[font=verdana, arial, geneva, sans-serif][size=-1] No Wild-West Attitude

    While artists and musicians have embraced the Net, they don't buy into the "Information wants to be free" attitude of some Web users. The Pew report found that musicians and artists think that unauthorized online file sharing is wrong and that current copyright laws are appropriate. There are some major divisions, though, about what constitutes appropriate copying and sharing of digital files.

    Last edited: Dec 9, 2004
  2. DublinBass

    DublinBass Supporting Member

    near Dublin
    I don't think there is any difference in lending a friend a CD to listen to and sending somebody a digital copy of the tune (as long as they delete it when they are done sampling it). However, I don't know that most people delete it when they are done.

    I also think friends burning CD's for each other is more of a threat than online digital piracy.
  3. gorgeous_si

    gorgeous_si New Member

    I think the problem with file sharing and the internet is really caused by the industry's inability to keep up, and to provide us with decent music. I don't want to fork out £10 for an album with two or three decent songs! And why would I buy the the CD single, when I could download the track in minutes?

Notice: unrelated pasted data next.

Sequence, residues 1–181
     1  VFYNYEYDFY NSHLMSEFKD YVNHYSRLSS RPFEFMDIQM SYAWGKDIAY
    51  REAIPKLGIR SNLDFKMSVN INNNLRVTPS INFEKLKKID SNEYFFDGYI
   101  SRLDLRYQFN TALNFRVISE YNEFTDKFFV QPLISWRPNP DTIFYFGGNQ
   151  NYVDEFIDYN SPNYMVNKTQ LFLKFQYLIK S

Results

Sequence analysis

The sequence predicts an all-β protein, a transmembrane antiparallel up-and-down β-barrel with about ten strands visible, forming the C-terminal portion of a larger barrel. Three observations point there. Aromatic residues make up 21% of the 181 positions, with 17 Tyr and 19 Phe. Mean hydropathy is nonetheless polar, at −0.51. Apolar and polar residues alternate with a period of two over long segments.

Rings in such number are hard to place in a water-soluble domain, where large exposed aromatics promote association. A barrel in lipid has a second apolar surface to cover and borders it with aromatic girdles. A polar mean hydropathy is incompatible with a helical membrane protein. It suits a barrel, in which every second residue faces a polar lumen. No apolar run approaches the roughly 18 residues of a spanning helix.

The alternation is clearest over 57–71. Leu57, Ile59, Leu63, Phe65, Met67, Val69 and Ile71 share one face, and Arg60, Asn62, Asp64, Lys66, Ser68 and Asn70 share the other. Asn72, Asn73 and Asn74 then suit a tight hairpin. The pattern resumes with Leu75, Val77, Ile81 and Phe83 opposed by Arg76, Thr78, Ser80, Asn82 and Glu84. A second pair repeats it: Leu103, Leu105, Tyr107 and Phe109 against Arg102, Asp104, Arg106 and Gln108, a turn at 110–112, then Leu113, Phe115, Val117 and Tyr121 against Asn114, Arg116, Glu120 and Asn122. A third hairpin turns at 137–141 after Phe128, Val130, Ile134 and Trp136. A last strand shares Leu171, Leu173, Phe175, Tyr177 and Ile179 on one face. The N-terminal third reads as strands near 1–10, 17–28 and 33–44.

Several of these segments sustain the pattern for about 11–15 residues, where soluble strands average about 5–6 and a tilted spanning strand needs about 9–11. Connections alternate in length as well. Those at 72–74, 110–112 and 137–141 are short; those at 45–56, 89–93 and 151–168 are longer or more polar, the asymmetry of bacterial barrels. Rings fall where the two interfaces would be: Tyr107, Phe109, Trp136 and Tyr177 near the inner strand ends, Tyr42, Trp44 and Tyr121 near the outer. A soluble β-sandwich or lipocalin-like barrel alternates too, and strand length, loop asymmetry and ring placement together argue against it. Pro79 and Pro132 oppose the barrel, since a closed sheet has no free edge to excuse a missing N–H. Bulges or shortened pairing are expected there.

Someone recently suggested a far superior method: Custom Internet Albums.

    An artist could be signed to a label for a number of tracks rather than a number of albums (eg 200). Every song produced is then 'single quality', or at least better than your average 'filler track'. Then Joe Punter logs onto the artist's site, auditions a number of tracks and selects the 10 (or however many is deemed appropriate) tracks they want (which may include music videos where available), and pays an appropriate fee (around the £10 mark). The server compiles them into an album, and generates an appropriately pretty track list 'on the fly' should you want to print a CD cover. You could even get 'compilations' where you can access any tracks from one label rather than an artist.